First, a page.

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5 Ways to Help Grieving Teens

teen boy head down sad grievingThe teen years can be difficult for anyone.  Academic pressure, peer pressure, uncertainty about the future, self-identity and expression issues, and sexuality concerns are all part of teen’s everyday life.

 

When a teen experiences the death of someone close to them, the grief can feel overwhelming, confusing, and very isolating.  Here are five tips to help teens navigate their grief journey:

 

  1. Respect their need for independence and privacy.  Not all teens are comfortable talking about their feelings.  Pressuring them to talk about their grief before they are ready can make teens become more withdrawn.  Let them know that you are available and let them tell you what they need.  Some teens want to be alone, others want to be surrounded by friends and continue their normal routines, while other teens may seek a healthy mix of both.

 

  1. Model healthy coping skills for teens. Showing a grieving teen how you, too, are grieving and modeling what you do to take care of yourself lets them know that they are not alone and offers suggestions for self-care.

 

  1. Provide them with the opportunity for a trusted adult to talk with their teachers.  When teens return to school after experiencing a loss, often times they feel different and out of place.  Some teens prefer their friends and classmates to know what has happened, while others prefer to share with only a few of their closest peers.  Talk with your teen about what will help make the transition back to school easier.  If they feel comfortable, communicate with their teachers about the death they experienced, which may alleviate some stress of falling behind on academics.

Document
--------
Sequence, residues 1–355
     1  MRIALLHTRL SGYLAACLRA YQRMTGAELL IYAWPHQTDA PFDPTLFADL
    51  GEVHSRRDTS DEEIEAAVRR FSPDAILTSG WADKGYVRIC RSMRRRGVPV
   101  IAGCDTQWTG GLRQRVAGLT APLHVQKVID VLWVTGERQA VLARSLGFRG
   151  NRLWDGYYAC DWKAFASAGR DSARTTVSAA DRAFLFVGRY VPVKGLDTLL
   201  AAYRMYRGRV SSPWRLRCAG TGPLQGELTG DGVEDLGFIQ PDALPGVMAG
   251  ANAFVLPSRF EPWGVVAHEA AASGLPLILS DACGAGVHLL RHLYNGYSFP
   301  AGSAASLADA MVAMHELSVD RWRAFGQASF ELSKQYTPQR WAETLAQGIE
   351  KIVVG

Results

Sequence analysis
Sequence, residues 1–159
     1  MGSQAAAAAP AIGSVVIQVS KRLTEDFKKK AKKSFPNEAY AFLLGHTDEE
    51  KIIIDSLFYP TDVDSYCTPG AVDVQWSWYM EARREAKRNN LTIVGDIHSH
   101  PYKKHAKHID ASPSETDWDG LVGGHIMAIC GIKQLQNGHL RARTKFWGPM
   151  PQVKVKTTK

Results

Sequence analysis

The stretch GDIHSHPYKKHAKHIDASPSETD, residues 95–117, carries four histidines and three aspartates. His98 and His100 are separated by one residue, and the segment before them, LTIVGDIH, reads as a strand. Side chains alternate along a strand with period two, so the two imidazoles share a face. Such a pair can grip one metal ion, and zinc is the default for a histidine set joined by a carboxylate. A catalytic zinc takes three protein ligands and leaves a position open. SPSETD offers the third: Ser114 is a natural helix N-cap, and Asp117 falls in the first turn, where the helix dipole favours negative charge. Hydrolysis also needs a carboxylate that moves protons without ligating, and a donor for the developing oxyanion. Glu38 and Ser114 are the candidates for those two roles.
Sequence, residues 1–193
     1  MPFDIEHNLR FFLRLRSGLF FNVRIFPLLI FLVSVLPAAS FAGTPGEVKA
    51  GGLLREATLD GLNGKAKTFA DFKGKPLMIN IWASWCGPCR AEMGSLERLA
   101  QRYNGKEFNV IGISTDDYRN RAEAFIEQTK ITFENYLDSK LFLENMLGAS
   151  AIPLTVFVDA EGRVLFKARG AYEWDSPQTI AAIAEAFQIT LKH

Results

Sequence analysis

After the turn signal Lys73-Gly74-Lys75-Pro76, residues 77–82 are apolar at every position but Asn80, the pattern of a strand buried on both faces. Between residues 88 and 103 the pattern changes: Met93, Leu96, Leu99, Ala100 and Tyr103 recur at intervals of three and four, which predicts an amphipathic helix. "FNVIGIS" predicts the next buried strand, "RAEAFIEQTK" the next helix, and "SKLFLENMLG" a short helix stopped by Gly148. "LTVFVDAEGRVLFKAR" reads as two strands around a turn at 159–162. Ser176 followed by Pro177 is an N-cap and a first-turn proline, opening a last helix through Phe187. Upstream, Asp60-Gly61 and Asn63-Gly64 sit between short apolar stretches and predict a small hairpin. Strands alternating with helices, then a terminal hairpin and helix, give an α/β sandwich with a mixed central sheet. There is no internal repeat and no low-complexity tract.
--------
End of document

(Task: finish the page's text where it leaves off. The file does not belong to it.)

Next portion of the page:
1. teen girl with memory lantern at Care Dimensions grief support group

    Creative outlets can help teens cope with their grief.

    Find expressive outlets. If your teen isn’t talking, it doesn’t mean they are not grieving or coping.  Some teens prefer to keep their thoughts private.  Encourage them to find other expressive outlets for their emotions, such as sports, music, art, or journaling.

 

  1. Form new connections. Seek out grief support for teens in your area.  Many programs offer teen support groups or events for teens who are grieving the death of someone close to them.  These programs can help teens feel less alone in their grief.

*Added tip: if your teen is hesitant about joining a program like this, which many are at first, encourage them to try at least three times.  If the program still doesn’t feel like a good fit, allow them to drop out.  Often, once teens form the new connections, they will want to continue going on their own.

 

The Children’s Bereavement Program at Care Dimensions offers several teen events throughout the year, including these upcoming ones:

 

Rock Climbing, Monday, January 16th: Teens aged 13-18 who have experienced the death of someone close to them are invited to bring a friend and join us from 2 to 4 p.m. at La Vida Rock Gym at Gordon College in Wenham, MA.  Teens will have the opportunity to meet new friends in their community and take on the challenge of soaring to new heights by climbing a rock wall.

 

Paint Night, Thursday, January 26th:  Teens aged 13-18 who have experienced the death of someone close to them are invited to bring a friend and join us from 6:30 to 8:30 p.m. at Palettes in Natick, MA for a fun and expressive paint night.  Fajita Bar dinner will be served.

 

Coming in 2017:  “Writing from the Heart of Grief for Teens” –  A new teen writing workshop co-facilitated by Ellen Frankel and Kristen Goodhue.  Details to come.  If your teen is interested in this group, please contact Kristen Goodhue at 978-750-9335; KGoodhue@CareDimensions.org.

Kristen Goodhue is Children’s Program Manager and a certified child life specialist for Care Dimensions. She holds a Master of Science degree in Child Life and Family Centered Care from Wheelock College.

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"Since 1978, Care Dimensions has provided comprehensive and compassionate care for individuals and families dealing with life-threatening illnesses. As the non-profit leader in advanced illness care, we offer services in more than 90 communities in Eastern Massachusetts."